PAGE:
Supreme Court provides clarity to maintenance agreement modification

September 10, 2014

If divorcing parties want to make judicial modification available for the maintenance agreements, they must say so in their contract, the Indiana Supreme Court pointed out Tuesday. Because a divorced couple’s maintenance agreement allowed for court intervention, the justices ordered the trial court to consider the wife’s request for modification.

Barbara and Michael Pohl divorced in 2009 after 18 years of marriage. After they entered into a settlement agreement, they filed an addendum calling for Barbara Pohl to pay her ex-husband monthly maintenance of $4,000 beginning in June 2013. Since injuring his back in 1996, Michael Pohl has been receiving Social Security Disability payments, which are his sole income.

Just a few months prior to the first payment being due, Barbara Pohl sought modification, citing Michael Pohl’s changed circumstances. He was now receiving higher SSDI payments and he moved in with his fiancée, who paid the mortgage and made more than $100,000 a month. Barbara Pohl earned around $182,000 a year in 2012. She wanted the amount reduced to $1,000 monthly.

The trial court denied the motion, finding the agreement was not intended to be modifiable and she must show fraud, duress or mistake, which she had not done.

She appealed, citing Voigt v. Voigt, 670 N.E.2d 1271. The Court of Appeals affirmed.

In Voigt, the Supreme Court held that “a court has no statutory authority to grant a contested petition to modify a maintenance obligation that arises under a previously approved settlement agreement if the court alone could not initially have imposed an identical obligation had the parties never voluntarily agreed to it.” The courts, under statute, have discretion to impose maintenance only in the areas of incapacity, caregiver and rehabilitative.

The Supreme Court in that case concluded that agreements for non-statutory forms of maintenance may be modified only by agreement because modifications should not be used to expand the courts’ statutorily limited authority for ordering maintenance; and the parties’ freedom of contract requires enforcing the contract they freely made because involuntarily changing one provision could unravel the consent that made the agreement possible, Chief Justice Loretta Rush wrote in Barbara J. Pohl v. Michael G. Pohl, 32S04-1404-DR-245.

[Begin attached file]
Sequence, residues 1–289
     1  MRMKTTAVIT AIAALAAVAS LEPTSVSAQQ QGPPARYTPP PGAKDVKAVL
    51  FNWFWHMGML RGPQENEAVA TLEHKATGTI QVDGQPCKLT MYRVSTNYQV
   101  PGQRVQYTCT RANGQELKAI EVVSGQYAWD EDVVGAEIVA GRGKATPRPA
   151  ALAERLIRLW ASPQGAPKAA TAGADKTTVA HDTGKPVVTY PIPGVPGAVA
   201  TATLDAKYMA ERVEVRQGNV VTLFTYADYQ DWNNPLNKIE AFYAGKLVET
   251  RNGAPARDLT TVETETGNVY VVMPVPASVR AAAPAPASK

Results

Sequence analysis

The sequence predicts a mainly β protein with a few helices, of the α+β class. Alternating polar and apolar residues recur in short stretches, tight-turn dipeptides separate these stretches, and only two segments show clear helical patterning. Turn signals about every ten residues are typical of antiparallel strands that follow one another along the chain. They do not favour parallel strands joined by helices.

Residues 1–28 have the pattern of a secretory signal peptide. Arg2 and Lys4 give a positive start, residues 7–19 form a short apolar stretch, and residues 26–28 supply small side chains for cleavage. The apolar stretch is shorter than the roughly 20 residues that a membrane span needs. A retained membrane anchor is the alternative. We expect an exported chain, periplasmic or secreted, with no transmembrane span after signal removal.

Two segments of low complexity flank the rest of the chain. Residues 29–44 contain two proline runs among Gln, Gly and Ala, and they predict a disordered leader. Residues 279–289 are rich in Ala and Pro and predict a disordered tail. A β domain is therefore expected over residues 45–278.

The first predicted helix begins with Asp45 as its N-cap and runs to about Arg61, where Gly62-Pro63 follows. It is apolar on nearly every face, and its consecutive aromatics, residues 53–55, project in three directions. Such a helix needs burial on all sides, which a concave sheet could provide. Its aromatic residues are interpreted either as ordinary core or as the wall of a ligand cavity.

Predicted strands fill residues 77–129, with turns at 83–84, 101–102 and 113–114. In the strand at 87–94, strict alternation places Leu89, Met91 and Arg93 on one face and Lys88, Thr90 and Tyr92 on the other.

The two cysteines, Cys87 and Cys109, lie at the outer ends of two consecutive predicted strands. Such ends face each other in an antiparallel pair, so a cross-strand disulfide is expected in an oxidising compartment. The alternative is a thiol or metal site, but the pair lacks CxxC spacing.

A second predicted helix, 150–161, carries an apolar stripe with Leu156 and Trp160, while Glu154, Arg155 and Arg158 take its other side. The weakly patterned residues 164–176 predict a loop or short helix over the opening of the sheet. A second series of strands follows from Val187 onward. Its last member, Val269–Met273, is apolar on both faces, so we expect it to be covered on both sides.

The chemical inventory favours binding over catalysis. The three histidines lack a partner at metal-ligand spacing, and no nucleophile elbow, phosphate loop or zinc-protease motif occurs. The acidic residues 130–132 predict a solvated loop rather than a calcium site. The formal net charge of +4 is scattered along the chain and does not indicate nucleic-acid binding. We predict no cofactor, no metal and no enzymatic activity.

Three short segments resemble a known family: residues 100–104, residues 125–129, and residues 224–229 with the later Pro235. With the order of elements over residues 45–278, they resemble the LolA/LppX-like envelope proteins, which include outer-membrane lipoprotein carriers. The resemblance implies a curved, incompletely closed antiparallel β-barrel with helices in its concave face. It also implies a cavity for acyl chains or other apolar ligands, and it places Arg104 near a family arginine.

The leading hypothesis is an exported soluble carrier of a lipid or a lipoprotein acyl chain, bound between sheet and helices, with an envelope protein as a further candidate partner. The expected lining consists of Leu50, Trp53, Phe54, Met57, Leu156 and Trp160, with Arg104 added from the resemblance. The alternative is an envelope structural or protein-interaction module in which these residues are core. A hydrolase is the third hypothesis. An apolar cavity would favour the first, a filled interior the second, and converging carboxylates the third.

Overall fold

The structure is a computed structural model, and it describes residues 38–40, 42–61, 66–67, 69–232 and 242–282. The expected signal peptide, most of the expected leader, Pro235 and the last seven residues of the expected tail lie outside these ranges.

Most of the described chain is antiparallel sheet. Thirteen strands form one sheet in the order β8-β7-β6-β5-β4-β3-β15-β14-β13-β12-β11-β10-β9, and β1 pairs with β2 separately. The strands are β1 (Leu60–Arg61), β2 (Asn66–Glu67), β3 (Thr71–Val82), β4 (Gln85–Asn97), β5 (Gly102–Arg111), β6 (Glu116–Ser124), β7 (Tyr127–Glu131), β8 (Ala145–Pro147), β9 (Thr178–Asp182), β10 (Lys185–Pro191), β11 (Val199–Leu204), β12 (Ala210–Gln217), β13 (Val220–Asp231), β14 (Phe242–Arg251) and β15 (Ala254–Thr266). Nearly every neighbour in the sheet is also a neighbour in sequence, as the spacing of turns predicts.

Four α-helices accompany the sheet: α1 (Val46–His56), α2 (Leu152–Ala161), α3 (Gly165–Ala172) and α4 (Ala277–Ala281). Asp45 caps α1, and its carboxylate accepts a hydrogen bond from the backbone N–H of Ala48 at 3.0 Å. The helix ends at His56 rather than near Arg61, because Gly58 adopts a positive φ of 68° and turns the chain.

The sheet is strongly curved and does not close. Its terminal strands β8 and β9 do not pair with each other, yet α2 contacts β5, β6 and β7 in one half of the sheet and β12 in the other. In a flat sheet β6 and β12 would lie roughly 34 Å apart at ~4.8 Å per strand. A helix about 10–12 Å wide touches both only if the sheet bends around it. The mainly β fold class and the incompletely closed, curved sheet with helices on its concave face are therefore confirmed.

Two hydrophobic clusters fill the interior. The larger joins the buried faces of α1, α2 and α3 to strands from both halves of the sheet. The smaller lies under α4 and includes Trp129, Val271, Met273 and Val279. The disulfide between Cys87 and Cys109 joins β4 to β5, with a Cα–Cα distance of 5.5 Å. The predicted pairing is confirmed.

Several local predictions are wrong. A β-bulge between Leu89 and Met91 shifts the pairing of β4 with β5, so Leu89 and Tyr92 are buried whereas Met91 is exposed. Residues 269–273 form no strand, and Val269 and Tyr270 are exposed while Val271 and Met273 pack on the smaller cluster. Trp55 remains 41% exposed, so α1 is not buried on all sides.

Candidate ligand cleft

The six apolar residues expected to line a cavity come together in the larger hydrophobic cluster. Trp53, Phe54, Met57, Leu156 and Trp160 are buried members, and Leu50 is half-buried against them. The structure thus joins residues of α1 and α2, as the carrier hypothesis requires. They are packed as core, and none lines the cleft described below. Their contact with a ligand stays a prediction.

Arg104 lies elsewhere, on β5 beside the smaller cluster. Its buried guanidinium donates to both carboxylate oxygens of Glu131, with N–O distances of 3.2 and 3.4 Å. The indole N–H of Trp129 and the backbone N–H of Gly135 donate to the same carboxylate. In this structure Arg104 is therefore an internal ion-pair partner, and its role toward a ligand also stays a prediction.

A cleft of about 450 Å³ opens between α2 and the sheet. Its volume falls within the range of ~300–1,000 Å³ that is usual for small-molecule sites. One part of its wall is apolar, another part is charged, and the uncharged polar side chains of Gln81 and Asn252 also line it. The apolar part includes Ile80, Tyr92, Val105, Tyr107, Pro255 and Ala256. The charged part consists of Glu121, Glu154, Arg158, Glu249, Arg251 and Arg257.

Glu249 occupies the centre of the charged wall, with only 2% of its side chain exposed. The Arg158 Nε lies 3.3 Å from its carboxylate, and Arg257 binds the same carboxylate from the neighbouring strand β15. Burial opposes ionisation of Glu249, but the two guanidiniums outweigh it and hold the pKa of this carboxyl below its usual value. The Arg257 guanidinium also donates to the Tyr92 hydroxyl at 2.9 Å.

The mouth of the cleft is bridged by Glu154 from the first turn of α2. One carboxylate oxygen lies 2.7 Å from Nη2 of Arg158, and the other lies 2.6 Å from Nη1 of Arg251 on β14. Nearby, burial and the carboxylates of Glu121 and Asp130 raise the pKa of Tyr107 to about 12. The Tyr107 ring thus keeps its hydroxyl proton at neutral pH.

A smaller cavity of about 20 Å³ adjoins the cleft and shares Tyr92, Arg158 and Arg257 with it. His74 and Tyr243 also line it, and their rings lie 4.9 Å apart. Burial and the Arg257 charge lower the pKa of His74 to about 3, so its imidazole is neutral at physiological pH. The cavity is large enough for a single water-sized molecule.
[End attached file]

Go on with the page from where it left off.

The Court of Appeals has wrestled with this issue since Voight and has been divided. As such, Rush wrote, “it is time to settle the issue.”

“If we presume the agreement to be non-modifiable unless it specifies otherwise, parties may be deprived of relief in the face of unforeseen changes (for recipients, a deterioration of their condition or increased expenses; for payors, lost income or other financial catastrophe). But the alternative risks pulling the rug out from under parties who legitimately thought their negotiations had brought finality and predictability during the tumultuous time of a divorce,” she wrote.

Citing Chief Justice Randall Shepard’s freedom-of-contract concerns expressed in Haville v. Haville, 825 N.E.2d 375, 378 (Ind. 2005), the justices decided presuming the contract to be modifiable would “defy grownups’ freedom of contract more frequently than it would save disabled spouses from being stuck with an inadequate award or able-bodied spouses from an award that had become oppressive.”

“We therefore hold that even when a court could have unilaterally ordered an identical maintenance award, we will presume the parties intended their agreement to be final and non-modifiable unless they specifically provided otherwise,” Rush wrote.

The addendum does contain such a provision in this case, calling for Barbara Pohl’s payments to continue “until further order of the court or agreement of the parties.” And when an agreed maintenance award provides for modification, the “substantial and continuing change in circumstances” standard governs such requests, the justices held.

As such, the trial court erred when it denied her modification petition for failure to prove “fraud, duress, or mistake.” On remand, the court should consider the evidence under this standard found in the incapacity maintenance statute to determine whether the agreement originally made has become unreasonable.


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